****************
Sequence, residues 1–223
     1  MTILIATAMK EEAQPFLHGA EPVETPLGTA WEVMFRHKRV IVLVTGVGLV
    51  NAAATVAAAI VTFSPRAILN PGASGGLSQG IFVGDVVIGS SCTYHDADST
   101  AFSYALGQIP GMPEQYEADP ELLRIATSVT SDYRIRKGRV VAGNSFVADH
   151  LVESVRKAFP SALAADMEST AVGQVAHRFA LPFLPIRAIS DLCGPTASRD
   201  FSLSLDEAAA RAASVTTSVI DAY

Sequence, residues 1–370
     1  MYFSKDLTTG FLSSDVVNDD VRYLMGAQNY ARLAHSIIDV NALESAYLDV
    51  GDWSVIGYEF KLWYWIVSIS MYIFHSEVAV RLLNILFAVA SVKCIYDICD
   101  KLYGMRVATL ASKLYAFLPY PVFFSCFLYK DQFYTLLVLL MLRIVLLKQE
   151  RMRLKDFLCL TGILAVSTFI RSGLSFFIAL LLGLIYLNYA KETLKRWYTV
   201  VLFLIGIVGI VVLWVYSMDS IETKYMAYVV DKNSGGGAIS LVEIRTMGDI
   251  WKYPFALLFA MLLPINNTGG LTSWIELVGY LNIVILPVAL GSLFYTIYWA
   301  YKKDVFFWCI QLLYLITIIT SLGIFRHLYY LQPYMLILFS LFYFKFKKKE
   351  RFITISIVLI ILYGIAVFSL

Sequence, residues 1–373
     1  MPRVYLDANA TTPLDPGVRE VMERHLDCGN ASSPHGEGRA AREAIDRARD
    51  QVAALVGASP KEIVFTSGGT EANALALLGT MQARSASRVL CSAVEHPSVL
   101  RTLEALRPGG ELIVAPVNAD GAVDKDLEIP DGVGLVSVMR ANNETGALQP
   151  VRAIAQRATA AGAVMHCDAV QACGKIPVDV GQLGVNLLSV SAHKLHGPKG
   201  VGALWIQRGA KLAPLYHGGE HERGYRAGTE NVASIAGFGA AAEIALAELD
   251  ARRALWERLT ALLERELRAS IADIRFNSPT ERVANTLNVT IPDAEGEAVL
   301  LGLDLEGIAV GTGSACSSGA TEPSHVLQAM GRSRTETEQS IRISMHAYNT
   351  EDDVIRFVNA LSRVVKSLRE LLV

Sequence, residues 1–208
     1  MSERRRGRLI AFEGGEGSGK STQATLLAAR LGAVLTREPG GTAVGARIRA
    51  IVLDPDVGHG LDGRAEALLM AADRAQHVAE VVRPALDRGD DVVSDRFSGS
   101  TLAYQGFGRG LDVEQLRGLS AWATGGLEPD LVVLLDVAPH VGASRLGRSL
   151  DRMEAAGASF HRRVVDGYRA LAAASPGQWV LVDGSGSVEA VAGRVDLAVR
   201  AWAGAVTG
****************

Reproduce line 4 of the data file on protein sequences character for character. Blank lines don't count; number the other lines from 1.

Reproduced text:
   101  AFSYALGQIP GMPEQYEADP ELLRIATSVT SDYRIRKGRV VAGNSFVADH